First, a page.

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Andrew McKeever
Andrew McKeever

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The JavaScript Set Object

While doing some work the other day, I had a bit of a problem and learned of something I found quite useful, so I thought "Eh what the hell, why not create a post about this?

My team has integrated a WYSIWYG (btw...this apparently stands for What You See Is What You Get, three years in this industry I just now learned this)
into our React application's backend to create posts. These posts have two columns, which can return either markdown, buttons or assets (images and videos). This data gets returned from our GraphQl API as an array of two items, something like this

Array [Object{type: "text"}, Object{type: "asset"}]

Now, these two bits of data will get wrapped into a component with a two-column layout and based on its type (eg: text, asset or button) we render a different component.

So... what's the problem?

In our WYSIWIG editor, any text written inside our first column that overflows maximum word length, the text wraps into our second column, giving our data back a {type: "text"} field. Well, if you're familiar at all with React, to return markdown we use the dangerouslySetInnerHTML prop on our element and pass in our markdown data.

So if we use Array.filter() method to render the appropriate <Image />, <Text /> or <Button /> component, if the Array contains two objects with the text type, I'll end up rendering the markdown twice...obviously not desired.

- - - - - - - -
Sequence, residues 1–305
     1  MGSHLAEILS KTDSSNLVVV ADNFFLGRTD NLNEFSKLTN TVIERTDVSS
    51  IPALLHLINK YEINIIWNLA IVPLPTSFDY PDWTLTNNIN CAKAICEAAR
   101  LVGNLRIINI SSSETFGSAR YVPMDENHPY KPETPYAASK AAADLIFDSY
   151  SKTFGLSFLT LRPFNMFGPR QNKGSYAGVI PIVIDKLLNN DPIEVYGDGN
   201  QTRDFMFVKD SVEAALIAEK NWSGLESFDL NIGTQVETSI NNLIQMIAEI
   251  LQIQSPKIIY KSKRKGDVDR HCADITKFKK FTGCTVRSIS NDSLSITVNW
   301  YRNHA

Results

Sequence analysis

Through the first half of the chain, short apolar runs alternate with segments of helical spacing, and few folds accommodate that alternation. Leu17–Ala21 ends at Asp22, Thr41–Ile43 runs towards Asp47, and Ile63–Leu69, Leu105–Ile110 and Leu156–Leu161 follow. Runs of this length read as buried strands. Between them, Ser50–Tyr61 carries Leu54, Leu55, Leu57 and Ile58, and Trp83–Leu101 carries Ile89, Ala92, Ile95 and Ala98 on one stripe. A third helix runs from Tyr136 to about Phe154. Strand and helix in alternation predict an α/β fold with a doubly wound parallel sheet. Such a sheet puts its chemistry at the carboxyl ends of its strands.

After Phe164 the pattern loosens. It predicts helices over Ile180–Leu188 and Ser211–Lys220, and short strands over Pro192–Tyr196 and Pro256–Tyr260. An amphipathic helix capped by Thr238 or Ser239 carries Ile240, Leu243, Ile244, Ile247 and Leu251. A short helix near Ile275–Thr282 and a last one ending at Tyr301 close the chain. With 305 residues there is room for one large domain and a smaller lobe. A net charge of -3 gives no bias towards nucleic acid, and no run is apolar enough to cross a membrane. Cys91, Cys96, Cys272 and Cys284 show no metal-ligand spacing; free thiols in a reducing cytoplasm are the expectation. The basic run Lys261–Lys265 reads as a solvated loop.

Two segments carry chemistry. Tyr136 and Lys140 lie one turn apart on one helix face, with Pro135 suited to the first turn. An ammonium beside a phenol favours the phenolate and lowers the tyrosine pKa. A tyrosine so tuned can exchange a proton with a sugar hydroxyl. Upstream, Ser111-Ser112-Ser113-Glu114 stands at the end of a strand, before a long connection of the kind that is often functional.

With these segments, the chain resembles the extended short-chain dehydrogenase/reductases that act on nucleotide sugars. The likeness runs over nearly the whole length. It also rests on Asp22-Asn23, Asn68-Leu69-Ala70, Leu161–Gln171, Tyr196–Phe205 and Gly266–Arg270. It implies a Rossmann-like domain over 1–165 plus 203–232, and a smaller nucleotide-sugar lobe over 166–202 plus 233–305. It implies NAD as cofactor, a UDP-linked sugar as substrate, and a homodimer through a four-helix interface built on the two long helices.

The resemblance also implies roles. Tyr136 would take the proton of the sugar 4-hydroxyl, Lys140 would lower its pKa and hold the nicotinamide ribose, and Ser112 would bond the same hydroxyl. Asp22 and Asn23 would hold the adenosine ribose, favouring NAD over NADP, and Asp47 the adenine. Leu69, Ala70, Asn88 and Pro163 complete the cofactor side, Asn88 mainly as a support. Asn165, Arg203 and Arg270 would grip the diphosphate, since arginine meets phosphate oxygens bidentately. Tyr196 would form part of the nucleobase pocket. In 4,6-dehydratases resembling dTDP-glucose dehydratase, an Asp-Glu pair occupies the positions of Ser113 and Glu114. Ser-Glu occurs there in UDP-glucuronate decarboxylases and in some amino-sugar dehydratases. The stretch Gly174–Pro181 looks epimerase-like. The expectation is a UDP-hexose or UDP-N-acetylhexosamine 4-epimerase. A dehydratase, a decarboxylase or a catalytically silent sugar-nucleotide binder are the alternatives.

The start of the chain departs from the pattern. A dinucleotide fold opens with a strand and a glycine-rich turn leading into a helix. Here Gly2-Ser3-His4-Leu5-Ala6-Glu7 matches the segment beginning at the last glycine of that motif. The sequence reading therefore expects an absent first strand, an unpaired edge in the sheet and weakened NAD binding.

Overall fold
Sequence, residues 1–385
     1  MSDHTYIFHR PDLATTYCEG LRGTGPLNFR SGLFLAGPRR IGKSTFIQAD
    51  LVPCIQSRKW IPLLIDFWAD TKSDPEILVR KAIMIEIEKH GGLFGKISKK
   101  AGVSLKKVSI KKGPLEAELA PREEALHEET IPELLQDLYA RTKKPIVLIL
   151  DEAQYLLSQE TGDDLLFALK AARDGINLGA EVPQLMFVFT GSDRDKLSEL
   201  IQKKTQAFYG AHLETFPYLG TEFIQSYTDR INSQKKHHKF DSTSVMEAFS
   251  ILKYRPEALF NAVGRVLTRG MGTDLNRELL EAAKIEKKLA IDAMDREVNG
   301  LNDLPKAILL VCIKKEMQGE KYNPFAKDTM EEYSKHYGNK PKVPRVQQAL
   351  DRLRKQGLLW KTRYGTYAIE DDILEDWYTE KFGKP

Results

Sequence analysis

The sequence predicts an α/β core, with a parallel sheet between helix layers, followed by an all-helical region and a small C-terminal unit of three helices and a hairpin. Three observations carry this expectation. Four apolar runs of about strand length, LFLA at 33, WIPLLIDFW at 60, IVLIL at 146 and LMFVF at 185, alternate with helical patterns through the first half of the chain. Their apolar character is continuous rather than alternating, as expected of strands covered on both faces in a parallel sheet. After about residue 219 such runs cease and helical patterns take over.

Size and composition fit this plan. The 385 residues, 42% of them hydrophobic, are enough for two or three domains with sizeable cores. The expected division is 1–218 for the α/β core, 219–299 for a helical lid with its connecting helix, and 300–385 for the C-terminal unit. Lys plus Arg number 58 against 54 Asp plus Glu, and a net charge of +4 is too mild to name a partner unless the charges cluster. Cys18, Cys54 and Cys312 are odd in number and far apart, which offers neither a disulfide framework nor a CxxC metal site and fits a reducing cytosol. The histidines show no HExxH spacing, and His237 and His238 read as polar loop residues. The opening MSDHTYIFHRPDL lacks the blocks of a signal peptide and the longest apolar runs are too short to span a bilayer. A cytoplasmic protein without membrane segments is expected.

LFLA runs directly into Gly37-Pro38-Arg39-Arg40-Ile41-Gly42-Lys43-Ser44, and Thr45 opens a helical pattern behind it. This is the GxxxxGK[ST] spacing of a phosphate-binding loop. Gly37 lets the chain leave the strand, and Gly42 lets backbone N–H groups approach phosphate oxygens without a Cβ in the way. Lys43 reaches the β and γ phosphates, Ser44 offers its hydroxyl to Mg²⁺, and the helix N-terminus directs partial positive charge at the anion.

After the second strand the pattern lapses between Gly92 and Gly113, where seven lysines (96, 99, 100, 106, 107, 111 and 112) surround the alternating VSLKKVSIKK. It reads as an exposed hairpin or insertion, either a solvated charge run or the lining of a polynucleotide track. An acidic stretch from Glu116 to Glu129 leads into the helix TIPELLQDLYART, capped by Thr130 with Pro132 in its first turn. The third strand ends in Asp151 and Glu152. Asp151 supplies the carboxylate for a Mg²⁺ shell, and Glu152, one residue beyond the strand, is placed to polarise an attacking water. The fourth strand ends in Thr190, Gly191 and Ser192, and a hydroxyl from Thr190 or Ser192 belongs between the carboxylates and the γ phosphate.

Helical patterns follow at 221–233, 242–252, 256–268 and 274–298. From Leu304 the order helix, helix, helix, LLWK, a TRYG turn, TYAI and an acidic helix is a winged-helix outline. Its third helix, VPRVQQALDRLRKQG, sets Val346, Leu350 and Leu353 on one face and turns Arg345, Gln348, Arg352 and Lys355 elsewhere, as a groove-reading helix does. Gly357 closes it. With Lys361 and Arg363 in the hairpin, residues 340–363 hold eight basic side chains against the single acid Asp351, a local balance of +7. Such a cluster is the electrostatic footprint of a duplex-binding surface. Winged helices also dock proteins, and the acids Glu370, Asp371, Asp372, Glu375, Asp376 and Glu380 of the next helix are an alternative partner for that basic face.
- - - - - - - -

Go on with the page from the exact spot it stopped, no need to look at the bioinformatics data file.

So just like, remove duplicates from your array dude?

So I need to remove any duplicates from my posts array, which is simple enough to do. We could first use Array.Map() over our posts array to to get each post's type and then use the Array.filter() method to compare the previous item to the current item, giving us a new array that we could then test to the original array to make sure we've got our intended result.

let postTypes ={post} => post);
let filteredPosts = postTypes.filter((type, i) => types.indexOf(type) === i));

There's nothing at all wrong here with this code. It's fairly simple to reason about, we're not doing any data mutation and we're keeping out side effects from our map. However, there's an even simpler way to return a unique list of Objects (well, any primitive actually) in JavaScript... the Set object.

What is the Set Object?

Set is an object that can store any type of JavaScript primitive (think booleans, strings, numbers here), but it will only store unique primitives. Wait... what??? That's awesome! Yeah, my fellow developer, yeah.

Instead of using the filter method, all we have to do is pass our postTypes array into the Set object and wrap it into an array.

let filteredPosts = [... new Set(postTypes)];

and BAM! a whole new array with its duplicates removed. But, that's not all folks! The Set object also comes with some handy as hell methods to it as well like add() and includes()to add or find objects in your set.

I recommend taking a look at the Mozilla Set documentation at all the cool methods you have at your disposal with Set.

Top comments (2)

chiangs profile image
Stephen Chiang

I just recently used Set to get all the values of a categories property of a list of objects then took out all the unique ones and used that to create a list to populate a drop-down filter input element.

Worked like a charm!

keevcodes profile image
Andrew McKeever

Nice work! Creative way to get a solution!

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